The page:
Tuesday, July 07, 2009

Credit as money creation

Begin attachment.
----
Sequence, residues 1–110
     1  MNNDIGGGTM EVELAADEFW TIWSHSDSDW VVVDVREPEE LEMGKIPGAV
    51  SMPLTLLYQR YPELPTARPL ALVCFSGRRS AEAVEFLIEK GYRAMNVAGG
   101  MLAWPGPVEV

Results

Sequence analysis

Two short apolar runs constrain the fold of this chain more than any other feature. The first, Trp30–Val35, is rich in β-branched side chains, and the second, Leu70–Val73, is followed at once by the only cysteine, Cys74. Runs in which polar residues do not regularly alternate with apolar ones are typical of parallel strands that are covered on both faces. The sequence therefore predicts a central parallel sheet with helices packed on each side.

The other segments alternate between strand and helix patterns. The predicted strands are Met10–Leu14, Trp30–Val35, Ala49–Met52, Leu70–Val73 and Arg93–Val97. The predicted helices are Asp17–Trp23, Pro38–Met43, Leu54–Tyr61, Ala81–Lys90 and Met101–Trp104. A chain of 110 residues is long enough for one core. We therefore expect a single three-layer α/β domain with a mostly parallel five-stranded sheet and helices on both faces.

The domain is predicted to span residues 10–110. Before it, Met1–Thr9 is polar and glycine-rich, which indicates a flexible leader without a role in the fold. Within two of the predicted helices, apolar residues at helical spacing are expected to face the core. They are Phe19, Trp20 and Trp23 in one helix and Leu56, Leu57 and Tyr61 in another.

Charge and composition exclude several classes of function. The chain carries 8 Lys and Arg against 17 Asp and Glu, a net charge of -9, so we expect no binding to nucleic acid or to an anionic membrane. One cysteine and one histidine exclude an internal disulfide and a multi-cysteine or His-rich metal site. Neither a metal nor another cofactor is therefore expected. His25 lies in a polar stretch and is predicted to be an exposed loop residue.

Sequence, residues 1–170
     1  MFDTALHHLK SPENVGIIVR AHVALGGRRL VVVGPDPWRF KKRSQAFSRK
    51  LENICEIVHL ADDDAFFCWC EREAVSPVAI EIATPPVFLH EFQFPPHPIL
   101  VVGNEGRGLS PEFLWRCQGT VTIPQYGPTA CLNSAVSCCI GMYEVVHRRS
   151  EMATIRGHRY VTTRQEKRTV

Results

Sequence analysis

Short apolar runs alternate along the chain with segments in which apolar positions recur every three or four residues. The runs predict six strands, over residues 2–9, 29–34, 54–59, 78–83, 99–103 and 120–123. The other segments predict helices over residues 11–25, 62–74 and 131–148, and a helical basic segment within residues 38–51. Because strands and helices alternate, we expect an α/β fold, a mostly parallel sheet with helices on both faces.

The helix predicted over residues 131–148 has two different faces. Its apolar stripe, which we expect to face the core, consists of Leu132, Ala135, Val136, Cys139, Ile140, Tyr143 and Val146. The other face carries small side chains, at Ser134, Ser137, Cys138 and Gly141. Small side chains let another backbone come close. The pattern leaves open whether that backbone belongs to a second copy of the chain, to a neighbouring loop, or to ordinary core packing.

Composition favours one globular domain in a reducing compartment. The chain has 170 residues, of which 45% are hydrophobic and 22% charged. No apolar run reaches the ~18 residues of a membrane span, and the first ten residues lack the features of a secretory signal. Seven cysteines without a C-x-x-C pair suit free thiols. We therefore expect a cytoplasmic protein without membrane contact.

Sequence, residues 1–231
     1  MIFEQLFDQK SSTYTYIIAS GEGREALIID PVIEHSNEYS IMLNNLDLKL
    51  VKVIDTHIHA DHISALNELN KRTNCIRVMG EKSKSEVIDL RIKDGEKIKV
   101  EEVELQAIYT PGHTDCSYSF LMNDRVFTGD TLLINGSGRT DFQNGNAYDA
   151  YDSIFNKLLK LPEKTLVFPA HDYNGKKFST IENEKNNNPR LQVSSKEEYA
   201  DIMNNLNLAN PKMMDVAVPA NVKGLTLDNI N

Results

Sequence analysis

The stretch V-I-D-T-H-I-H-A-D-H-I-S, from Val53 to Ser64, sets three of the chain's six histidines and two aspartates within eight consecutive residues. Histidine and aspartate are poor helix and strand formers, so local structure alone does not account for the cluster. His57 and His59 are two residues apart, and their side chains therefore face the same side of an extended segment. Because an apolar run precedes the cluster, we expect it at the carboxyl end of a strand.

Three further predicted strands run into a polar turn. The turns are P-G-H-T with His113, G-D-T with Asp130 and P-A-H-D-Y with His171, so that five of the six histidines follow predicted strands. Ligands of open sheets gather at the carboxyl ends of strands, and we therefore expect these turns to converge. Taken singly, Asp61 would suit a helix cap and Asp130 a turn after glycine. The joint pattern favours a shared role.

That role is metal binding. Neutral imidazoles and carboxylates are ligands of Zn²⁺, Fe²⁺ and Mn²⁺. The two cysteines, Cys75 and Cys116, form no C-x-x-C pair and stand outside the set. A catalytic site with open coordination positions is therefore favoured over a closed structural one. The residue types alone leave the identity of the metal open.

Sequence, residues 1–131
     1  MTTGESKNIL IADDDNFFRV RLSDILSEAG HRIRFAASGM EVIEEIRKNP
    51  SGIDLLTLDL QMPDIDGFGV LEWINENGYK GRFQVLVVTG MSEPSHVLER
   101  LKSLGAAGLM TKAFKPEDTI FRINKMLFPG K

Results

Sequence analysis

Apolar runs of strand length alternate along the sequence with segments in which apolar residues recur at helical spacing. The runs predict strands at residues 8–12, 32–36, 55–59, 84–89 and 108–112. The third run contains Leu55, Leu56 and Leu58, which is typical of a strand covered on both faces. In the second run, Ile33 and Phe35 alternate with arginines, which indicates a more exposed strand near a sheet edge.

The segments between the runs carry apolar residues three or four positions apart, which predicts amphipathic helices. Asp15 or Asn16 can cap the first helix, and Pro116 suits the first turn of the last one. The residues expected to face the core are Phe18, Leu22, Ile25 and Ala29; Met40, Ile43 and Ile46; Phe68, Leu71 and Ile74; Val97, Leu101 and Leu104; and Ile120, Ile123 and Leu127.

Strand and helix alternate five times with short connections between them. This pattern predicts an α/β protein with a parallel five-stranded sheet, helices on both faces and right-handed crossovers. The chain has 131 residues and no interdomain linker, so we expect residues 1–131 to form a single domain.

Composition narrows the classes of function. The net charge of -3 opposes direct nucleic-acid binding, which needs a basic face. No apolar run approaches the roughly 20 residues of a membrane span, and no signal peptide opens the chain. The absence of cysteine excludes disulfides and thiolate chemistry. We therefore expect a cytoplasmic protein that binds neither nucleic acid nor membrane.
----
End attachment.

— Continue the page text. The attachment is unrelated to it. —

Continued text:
”Doug Noland has for years been pointing out that one of the drivers of the credit bubble has been the ever-broadening definition of money. As the global economy expanded without a hic-up, more and more instruments came to be used as a store of value or medium of exchange or even a standard against which to value other things—in other words, as money. Thus mortgage-backed bonds and even more exotic things came to be seen as nearly risk-free and infinitely liquid. In Noland's terms, credit gained "moneyness," which sent the effective global money supply through the roof. This in turn allowed the U.S. and its trading partners to keep adding jobs and appearing to grow, despite debt levels that were rising into the stratosphere. For a while there, borrowing actually made the world richer, because both the cash received and the debt created functioned as money.”